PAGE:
While doing so, it has to be borne in mind, as pointed out by Economic Survey, that India’s tax-to-GDP is 5.4 percent, much below comparable markets, and just 15 percent of national income is reported to the tax authorities.

Though hiking tax-exempt income or bringing back standard deduction, as recommended by the Justice Easwer Committee, appears to be the popular choice, this will obviate the need to file tax returns for around 15-20 lakh taxpayers. Hence, a more reasonable approach would be to keep the basic exemption limit intact and increase the 10 percent slab rate from the current INR 5 lakh to say, INR 8 or 10 lakh.

That said, under both the scenarios (whether basic exemption limit is enhanced or 10 percent slab rate is increased), the government could fall short of meeting its fiscal deficit target of 3 percent for financial year 2017/18 as the tax revenues could possibly be impacted in the short term. This would need to be compensated by steadily increasing the taxpayer base. According to the government, IDS and Pradhan Mantri Garib Kalyan Yojana (PMGKY)are likely to contribute to this objective.

As per a recent press release of January 9, 2017, this has seemingly manifested in 12 percent increase in direct tax collections up to December, 2016 vis-à-vis corresponding period last year.  However, increase in taxpayer base because of such schemes may not be sufficient to make up for tax revenues foregone due to rate cuts or extending tax sops, and would require other measures.

The government should focus in simplifying the tax regime and bring in new taxpayers into the tax net through effective enforcement. Recommendations made by the TARC, like increasing the scope of presumptive taxation, use of technology, providing incentives for people who disclose information about large non-compliance, re-introduction of Fringe Benefits Tax and Banking Cash Transaction Tax etc, need to be considered and implemented.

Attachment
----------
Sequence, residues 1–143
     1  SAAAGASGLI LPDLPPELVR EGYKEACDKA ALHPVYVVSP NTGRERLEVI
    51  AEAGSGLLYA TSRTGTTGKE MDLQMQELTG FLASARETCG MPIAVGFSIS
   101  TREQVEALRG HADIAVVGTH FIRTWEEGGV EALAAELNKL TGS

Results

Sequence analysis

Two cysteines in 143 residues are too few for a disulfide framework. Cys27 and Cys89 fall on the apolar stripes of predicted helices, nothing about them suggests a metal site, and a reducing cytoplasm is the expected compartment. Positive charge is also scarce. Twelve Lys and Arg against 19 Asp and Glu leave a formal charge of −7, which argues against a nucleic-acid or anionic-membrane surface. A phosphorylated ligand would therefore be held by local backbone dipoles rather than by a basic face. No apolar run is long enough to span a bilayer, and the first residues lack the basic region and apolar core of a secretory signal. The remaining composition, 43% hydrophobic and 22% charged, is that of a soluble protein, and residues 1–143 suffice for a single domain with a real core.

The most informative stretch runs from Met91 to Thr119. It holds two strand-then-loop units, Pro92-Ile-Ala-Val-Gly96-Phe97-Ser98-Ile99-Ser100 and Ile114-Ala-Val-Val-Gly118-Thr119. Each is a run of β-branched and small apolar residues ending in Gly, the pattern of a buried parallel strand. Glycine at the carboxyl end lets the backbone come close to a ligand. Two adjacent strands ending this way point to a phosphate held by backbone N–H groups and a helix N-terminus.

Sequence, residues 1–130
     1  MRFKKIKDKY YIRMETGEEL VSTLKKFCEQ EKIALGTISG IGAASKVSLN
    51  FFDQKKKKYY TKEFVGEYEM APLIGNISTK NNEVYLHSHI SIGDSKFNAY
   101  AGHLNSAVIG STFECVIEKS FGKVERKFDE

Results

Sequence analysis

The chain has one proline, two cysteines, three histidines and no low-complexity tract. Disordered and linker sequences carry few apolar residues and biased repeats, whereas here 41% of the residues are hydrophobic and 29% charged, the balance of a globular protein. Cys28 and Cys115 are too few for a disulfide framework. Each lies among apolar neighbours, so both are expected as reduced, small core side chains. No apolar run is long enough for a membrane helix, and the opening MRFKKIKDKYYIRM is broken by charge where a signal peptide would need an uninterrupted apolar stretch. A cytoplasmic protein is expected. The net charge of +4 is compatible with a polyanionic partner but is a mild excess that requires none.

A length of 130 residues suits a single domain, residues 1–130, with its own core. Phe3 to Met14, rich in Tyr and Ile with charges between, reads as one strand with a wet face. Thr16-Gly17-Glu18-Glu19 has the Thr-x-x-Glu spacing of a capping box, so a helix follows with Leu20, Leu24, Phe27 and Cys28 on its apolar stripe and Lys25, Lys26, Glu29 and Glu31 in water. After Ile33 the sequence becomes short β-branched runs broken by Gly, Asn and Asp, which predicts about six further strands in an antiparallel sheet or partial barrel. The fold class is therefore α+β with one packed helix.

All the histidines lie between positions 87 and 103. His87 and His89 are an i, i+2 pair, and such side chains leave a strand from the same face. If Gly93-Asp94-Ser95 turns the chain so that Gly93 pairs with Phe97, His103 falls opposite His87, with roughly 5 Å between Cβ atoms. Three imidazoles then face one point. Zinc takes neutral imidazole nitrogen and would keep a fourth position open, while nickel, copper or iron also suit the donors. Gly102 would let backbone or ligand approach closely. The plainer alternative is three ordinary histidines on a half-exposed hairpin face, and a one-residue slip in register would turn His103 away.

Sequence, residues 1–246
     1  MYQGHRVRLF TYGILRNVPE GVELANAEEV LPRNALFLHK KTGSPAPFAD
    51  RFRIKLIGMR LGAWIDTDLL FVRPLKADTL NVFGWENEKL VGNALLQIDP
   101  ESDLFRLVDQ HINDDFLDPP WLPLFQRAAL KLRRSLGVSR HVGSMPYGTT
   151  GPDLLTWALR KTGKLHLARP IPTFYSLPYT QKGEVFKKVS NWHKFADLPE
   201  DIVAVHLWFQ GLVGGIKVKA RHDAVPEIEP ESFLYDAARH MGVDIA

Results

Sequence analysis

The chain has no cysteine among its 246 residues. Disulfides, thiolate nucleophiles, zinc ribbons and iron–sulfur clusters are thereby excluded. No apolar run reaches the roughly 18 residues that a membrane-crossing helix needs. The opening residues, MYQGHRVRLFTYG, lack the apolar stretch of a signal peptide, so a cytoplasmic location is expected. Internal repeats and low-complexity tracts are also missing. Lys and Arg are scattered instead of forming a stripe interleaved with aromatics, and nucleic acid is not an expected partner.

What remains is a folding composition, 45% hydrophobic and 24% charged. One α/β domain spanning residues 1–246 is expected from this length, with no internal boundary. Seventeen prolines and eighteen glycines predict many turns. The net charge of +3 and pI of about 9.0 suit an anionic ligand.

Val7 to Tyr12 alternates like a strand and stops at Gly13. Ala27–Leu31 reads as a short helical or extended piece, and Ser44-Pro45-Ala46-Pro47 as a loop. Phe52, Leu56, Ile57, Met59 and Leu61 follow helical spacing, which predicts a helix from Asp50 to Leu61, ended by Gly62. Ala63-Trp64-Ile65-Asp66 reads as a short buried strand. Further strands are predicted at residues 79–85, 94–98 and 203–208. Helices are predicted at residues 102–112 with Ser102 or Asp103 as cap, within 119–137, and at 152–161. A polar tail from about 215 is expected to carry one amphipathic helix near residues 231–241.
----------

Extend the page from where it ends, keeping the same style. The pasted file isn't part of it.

A corollary to India’s problem of low taxpayer base is the composition of tax revenue, which is skewed in favor of the indirect taxes.  The composition of India’s tax revenue as compared to other economies / regions reflect certain trends – (a) the proportion of indirect tax in the total tax collections is very high; and (b) income-tax collections from individual taxpayers is low.

The reasons for the two are intertwined.  Successive Indian governments have opted for a low-hanging fruit in the form of increasing the rate and scope of indirect taxes because of the relative ease with which indirect taxes can be collected, rather than expand the net of direct tax payers.  This hampers India’s fiscal capacity by restricting the overall increase in tax to GDP ratio and is undesirable given the regressive nature of indirect taxes.

However, indirect taxes continue to contribute a major chunk to the total tax collection in India. For financial year 2015/16, indirect taxes constituted around 65 percent of the total tax collections (including total tax collections of centre and state governments) in India.

With global commodity prices still low, windfall gain from IDS, benefits from demonetisation and national elections two years away, this perhaps is the right time for the government to reorganize tax rates and provide a roadmap for increase in tax-GDP ratio to strengthen its overall fiscal capacity.  This could help break India’s long standing and unwarranted position of under-taxing and under-spending.

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A Budget of Aspirations